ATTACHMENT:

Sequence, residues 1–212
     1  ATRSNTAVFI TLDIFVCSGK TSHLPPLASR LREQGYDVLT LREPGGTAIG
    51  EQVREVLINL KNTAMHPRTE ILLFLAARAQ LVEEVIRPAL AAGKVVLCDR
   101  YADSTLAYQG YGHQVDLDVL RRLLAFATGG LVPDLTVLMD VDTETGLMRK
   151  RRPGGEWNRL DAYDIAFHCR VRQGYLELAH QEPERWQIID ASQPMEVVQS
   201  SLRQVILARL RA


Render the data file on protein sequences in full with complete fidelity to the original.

Sequence, residues 1–212
     1  ATRSNTAVFI TLDIFVCSGK TSHLPPLASR LREQGYDVLT LREPGGTAIG
    51  EQVREVLINL KNTAMHPRTE ILLFLAARAQ LVEEVIRPAL AAGKVVLCDR
   101  YADSTLAYQG YGHQVDLDVL RRLLAFATGG LVPDLTVLMD VDTETGLMRK
   151  RRPGGEWNRL DAYDIAFHCR VRQGYLELAH QEPERWQIID ASQPMEVVQS
   201  SLRQVILARL RA